Engagement as a Driver for Research: Worm Wagon, Wriggling Rangoli, and Citizen Sensors

Leshner Fellow Sheena Cruickshank working with participants at a "Science Stars" event. | Credit: University of Manchester.

Sheena Cruickshank’s interest in science began with her brother’s fascination with marine life. As children in Scotland, they explored nearby tide pools and collected sea anemone and other creatures. Realizing that many people don’t have experiences that provide this window into the wonder of science and discovery, public engagement has been a way for her to share her appreciation for science.

Cruickshank, a 2017-18 AAAS Leshner Leadership Institute Public Engagement Fellow, is a senior lecturer in immunology and academic lead for public engagement at the University of Manchester. The university was one of six “beacons for public engagement,” designated in 2008 by the U.K. funding and research councils and The Wellcome Trust. Through the Beacon program, Cruickshank was offered training and practice opportunities, which have proved very valuable, especially in finding community groups to partner with, sharing lessons between colleagues, and obtaining training in evaluation methodology.

Cruickshank’s forays into public engagement have grown and built on each other. She got her start setting up an activity to take to her children’s school, with one of her Ph.D. students. From there, Cruickshank and two colleagues created “The Worm Wagon” in 2009. The Worm Wagon resources contain a suite of activities linked to their research into infection, such as hands-on activities and videos focused on parasitic infections (a type of Neglected Tropical Disease) and on how they can trap communities in cycles of poverty. Worm Wagon resources are now used by many other people at schools, museums and festivals.

Wanting to reach members of communities actually affected by gut worms, Cruickshank later co-created the Wriggling Rangoli project. They worked with a South Asian immigrant community, finding that while most families were familiar with parasite worm infection and efforts to de-worm their children, they often didn’t know why it was done. As part of this exchange, the group drew “Rangoli” (a traditional Asian art form) designs based on their discussions about parasitic infections, which led to conversations with passersby on the streets.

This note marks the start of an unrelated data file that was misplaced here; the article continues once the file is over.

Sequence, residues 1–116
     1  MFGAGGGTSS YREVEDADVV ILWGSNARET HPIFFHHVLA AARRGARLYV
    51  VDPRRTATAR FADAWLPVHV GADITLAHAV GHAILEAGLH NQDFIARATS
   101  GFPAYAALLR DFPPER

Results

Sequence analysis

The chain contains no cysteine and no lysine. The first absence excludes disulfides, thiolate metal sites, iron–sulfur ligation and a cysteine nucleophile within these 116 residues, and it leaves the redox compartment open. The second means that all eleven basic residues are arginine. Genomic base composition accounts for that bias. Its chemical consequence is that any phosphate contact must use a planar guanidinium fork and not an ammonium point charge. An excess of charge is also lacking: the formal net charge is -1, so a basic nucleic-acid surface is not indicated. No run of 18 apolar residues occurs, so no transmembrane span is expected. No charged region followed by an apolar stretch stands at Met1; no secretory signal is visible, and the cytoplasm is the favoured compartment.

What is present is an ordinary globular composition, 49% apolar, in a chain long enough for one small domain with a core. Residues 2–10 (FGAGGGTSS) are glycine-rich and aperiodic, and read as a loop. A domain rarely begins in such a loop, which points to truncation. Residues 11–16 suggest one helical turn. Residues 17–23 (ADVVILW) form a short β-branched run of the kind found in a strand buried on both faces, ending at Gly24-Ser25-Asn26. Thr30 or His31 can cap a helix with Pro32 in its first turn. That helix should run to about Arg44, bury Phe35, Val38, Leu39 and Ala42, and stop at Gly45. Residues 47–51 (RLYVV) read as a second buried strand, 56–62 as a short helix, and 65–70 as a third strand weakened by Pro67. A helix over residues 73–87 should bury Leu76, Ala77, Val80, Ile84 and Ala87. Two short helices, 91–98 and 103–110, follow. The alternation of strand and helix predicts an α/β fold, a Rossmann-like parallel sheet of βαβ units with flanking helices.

This project caused Cruickshank to learn more about the concerns of this immigrant community. One of their worries was allergies, which many were experiencing upon their move to the U.K. Cruickshank says public engagement isn’t just feeding into her research, it’s becoming her research: while she still conducts basic research on parasites, she never expected to be studying allergies. Yet it connects with her expertise in immune response and how immune responses are triggered, and she is now part of a highly collaborative and multidisciplinary citizen science project called Britain Breathing. This project aims for the public to act as “citizen sensors,” to learn how the environment is impacting seasonal allergies such as hay fever and asthma.

The AAAS fellowship provided a rare opportunity: an entire week to reflect on public engagement. During that time, she began considering how to extend her reach with other scientists at her university, beyond those she mentors. This has inspired her to start writing blog posts about tips she’s picked up (her blog is called "Engagement Matters").

Cruickshank summarizes her top four overall tips for public engagement as: 

Cruickshank speaking at the Bluedot Festival in July 2017. | Credit: Bluedot
  1. Keep it relevant. Listen for what people want: they may not want what you think they do, or what you want.
  2. Seize opportunities and embrace the challenge. I never knew I’d be appearing on TV or writing pieces for the media. It terrified me. Ask for help, and don’t be scared to try new approaches.
  3. Make an impact and evaluate your work.
  4. Always start small.

As academic lead for public engagement at Manchester, Cruickshank has also been involved with developing a public engagement framework for the university, with five specific goals: to achieve high quality public engagement, create an even more supportive environment, improve coordination, diversity their audiences, and show evidence of impact. Now that the framework has been approved, the challenges will be communicating about it across all levels, and finding and empowering champions to help spearhead implementation. 

The AAAS Leshner Leadership Institute was founded in 2015 and operates through philanthropic gifts in honor of CEO Emeritus Alan I. Leshner. Each year the Institute provides public engagement training and support to 15 mid-career scientists from an area of research at the nexus of science and society.